Tag: modest soft tissue injuries

LVI Defence Rejected; $12,000 Awarded For Modest Injuries

Further to my dozens of previous posts discussing ICBC’s Low Velocity Impact (LVI) Defence to tort claims involving crashes with little vehicle damage, reasons for judgement were released today by the BC Supreme Court, Victoria Registry, once again rejecting this defence.
Today’s case is a great example demonstrating that compensable injuries can be sustained even in true ‘low velocity impacts‘.  In today’s case (De Leon v. Harold) the Plaintiff was involved in a two vehicle collision in 2007 in Vancouver, BC.  The Defendant rear-ended the Plaintiff’s vehicle.  Fault for the crash was admitted.  The trial focussed on whether the Plaintiff sustained any injuries.
There was no dispute that the collision was minor.  The Plaintiff described the impact as a “bump“.  The Defendant testified that her car “tapped” the Plaintiff’s car.  The modest impact resulted in $0 in vehicle damage.
Despite this the Plaintiff was injured.  The injuries were, fortunatley, relatively modest and made a meaningful recovery within 6 months.  ICBC defended the case based on the LVI program and argued that the Plaintiff was not injured in the collision.  Madam Justice Power rejected this argument and in doing so repeated the following helpful reasons addressing the LVI defence:

[14]         In Lubick v. Mei [2008] B.C.C.A. No. 777, Macaulay J. stated at paragraph 5:

[5]        The courts have long debunked the suggestion that low impact can be directly correlated with lack of compensable injury. In Gordon v. Palmer [1993] B.C.J. No. 474 (S.C.), Thackeray J. as he then was, made the following comments that are still apposite today.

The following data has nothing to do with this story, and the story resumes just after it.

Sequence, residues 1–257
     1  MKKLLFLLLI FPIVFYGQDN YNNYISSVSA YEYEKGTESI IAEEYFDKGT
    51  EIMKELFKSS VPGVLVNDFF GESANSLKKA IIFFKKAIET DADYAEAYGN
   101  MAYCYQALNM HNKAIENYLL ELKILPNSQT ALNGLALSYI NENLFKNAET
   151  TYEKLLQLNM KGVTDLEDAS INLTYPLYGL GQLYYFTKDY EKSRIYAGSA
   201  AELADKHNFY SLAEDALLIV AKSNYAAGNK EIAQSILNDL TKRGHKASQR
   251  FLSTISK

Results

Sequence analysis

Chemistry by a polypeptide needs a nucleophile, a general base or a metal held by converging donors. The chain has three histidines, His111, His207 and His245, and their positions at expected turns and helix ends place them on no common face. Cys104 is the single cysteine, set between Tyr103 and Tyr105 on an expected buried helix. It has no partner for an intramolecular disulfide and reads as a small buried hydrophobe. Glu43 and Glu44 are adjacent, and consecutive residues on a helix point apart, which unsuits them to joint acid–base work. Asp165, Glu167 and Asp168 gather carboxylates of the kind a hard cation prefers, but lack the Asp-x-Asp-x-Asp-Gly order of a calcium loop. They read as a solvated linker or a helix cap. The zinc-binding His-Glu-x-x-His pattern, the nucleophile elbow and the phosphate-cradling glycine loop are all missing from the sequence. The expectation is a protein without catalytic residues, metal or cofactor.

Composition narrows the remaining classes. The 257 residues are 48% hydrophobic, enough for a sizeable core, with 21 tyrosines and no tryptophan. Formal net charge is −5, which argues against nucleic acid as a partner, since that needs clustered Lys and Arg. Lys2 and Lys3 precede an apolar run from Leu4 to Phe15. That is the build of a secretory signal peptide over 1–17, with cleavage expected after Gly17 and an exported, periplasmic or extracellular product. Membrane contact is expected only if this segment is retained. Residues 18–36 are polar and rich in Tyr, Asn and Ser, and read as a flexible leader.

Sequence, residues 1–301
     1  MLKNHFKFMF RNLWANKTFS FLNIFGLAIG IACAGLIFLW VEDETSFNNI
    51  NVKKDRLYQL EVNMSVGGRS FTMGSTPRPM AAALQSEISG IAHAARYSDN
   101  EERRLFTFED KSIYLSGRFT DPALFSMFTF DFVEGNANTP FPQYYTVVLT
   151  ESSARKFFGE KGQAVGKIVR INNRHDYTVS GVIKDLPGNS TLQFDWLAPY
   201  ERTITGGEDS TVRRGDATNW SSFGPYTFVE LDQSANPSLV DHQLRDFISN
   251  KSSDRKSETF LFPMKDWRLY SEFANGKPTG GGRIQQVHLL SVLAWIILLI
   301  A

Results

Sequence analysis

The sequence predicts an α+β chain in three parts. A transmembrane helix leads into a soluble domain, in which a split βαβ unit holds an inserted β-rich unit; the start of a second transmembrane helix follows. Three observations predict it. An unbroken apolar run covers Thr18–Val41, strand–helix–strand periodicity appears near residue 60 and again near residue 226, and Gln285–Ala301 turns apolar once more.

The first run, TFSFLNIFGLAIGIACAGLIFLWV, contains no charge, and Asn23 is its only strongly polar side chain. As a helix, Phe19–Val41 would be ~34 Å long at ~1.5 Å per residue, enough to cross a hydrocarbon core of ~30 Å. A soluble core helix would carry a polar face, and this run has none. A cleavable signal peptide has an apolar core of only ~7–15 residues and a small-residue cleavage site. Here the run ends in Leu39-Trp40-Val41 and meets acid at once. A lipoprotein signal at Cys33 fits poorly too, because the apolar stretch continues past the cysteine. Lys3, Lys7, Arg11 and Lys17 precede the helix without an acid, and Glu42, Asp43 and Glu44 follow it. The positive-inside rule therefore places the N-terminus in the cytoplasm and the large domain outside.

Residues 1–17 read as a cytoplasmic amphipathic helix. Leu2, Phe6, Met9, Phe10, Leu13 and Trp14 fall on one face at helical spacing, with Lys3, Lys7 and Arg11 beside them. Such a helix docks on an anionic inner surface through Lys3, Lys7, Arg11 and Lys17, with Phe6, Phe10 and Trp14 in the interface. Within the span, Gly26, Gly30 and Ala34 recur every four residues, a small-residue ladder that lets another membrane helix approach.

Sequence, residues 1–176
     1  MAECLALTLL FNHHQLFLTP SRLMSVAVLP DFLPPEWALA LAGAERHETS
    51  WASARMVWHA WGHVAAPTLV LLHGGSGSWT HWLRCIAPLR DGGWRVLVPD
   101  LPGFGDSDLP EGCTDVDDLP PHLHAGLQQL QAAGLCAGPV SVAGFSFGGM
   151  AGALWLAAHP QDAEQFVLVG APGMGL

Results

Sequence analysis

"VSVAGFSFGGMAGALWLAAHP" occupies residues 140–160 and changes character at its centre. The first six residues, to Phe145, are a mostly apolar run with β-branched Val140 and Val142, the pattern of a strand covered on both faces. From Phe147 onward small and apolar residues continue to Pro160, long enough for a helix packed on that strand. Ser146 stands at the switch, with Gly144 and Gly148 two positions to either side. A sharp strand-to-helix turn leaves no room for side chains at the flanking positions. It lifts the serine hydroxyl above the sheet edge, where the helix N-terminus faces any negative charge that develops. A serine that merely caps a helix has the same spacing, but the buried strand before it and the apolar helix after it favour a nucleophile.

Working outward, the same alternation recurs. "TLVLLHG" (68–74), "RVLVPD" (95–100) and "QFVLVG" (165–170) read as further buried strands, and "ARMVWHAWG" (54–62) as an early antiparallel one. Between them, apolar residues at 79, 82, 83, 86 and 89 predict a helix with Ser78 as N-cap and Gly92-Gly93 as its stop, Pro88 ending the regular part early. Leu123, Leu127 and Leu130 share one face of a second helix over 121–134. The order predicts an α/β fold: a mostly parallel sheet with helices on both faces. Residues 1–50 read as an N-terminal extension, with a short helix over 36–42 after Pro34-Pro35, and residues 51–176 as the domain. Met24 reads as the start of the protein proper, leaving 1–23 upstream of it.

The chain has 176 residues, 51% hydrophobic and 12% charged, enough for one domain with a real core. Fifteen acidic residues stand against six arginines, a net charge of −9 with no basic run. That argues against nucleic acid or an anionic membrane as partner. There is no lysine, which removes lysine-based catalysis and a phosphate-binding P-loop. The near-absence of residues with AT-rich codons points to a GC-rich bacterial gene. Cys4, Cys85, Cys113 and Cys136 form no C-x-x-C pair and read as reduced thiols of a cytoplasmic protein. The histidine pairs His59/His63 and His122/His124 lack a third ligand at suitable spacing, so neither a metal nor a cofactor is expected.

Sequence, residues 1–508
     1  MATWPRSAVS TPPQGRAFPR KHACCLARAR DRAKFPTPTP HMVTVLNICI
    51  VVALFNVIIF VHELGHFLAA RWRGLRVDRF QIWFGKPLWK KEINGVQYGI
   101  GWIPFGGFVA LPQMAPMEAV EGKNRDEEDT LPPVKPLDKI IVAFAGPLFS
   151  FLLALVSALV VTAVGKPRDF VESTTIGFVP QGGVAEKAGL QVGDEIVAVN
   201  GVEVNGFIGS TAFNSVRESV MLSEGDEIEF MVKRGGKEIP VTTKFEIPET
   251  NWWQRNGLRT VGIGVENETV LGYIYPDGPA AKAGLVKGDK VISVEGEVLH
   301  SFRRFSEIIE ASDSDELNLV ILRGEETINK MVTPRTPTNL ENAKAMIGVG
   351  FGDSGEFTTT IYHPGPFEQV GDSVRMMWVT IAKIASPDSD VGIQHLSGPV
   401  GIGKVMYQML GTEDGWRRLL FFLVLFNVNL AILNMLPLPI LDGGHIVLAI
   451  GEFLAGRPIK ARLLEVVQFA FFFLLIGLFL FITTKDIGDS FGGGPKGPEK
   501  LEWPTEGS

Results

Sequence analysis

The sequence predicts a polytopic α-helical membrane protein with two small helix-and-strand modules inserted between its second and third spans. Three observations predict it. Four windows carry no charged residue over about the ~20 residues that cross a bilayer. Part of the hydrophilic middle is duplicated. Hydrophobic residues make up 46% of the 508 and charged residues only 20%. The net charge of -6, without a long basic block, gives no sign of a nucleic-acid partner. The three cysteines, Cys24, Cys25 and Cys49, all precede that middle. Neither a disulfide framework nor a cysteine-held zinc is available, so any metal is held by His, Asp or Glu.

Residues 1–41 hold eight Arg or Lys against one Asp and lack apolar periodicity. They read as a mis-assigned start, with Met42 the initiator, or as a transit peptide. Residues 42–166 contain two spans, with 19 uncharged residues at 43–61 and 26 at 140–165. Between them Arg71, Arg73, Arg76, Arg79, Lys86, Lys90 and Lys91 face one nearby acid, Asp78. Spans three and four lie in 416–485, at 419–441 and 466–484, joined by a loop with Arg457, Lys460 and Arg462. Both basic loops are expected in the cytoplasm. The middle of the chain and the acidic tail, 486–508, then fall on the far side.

I do not subscribe to the view that if there is no motor vehicle damage then there is no injury. This is the philosophy that the Insurance Corporation of British Columbia may follow, but it has no application in court. It is not a legal principle of which I am aware and I have not heard it endorsed as a medical principle.

He goes on to point out that the presence and extent of injuries are determined on the evidence, not with “extraneous philosophies that some would impose on the judicial process.”  In particular he noted that there was no evidence to substantiate the defence theory in the case before him. . . .

[15]         In Dao v. Vance 2008 BCSC 1092 Williams J. stated:

[18]      This was undoubtedly a low-velocity collision where damage to the vehicle was so minimal as to be almost non-existent. All of the evidence supports that conclusion. In such instances, claims for compensation for injury are often resisted on the basis that there is reason to doubt their legitimacy. Furthermore, in this case, the principle evidence in support of the plaintiff’s claim is subjective, that is, it is her self report. There is not a great deal of objective evidence to support her description of the injuries she claims to have suffered.

[19]      In response to those concerns, I would observe that there is no principle of law which says that because damage to the vehicle is slight or non-detectable that it must follow that there is no injury. Certainly, as a matter of common sense, where the collision is of slight force, any injury is somewhat likely at least to be less severe than in a situation where the forces are greater, such as to result in significant physical damage to the automobiles. Nevertheless, I do not accept that there can be no injury where there is no physical damage to the vehicles.

Madam Justice Power assessed the Plaintiff’s non-pecuniary damages at $12,000 and in doing so made the following findings about her injuries:

[19]         I am satisfied that the plaintiff has discharged this burden and that soft-tissue injuries to her neck and back were suffered as the result of the accident. I am satisfied that the injuries were substantially resolved within two months of the accident as the result of the plaintiff’s active efforts in the first two months to attend chiropractic and massage therapy and that the injury was almost completely resolved within six months…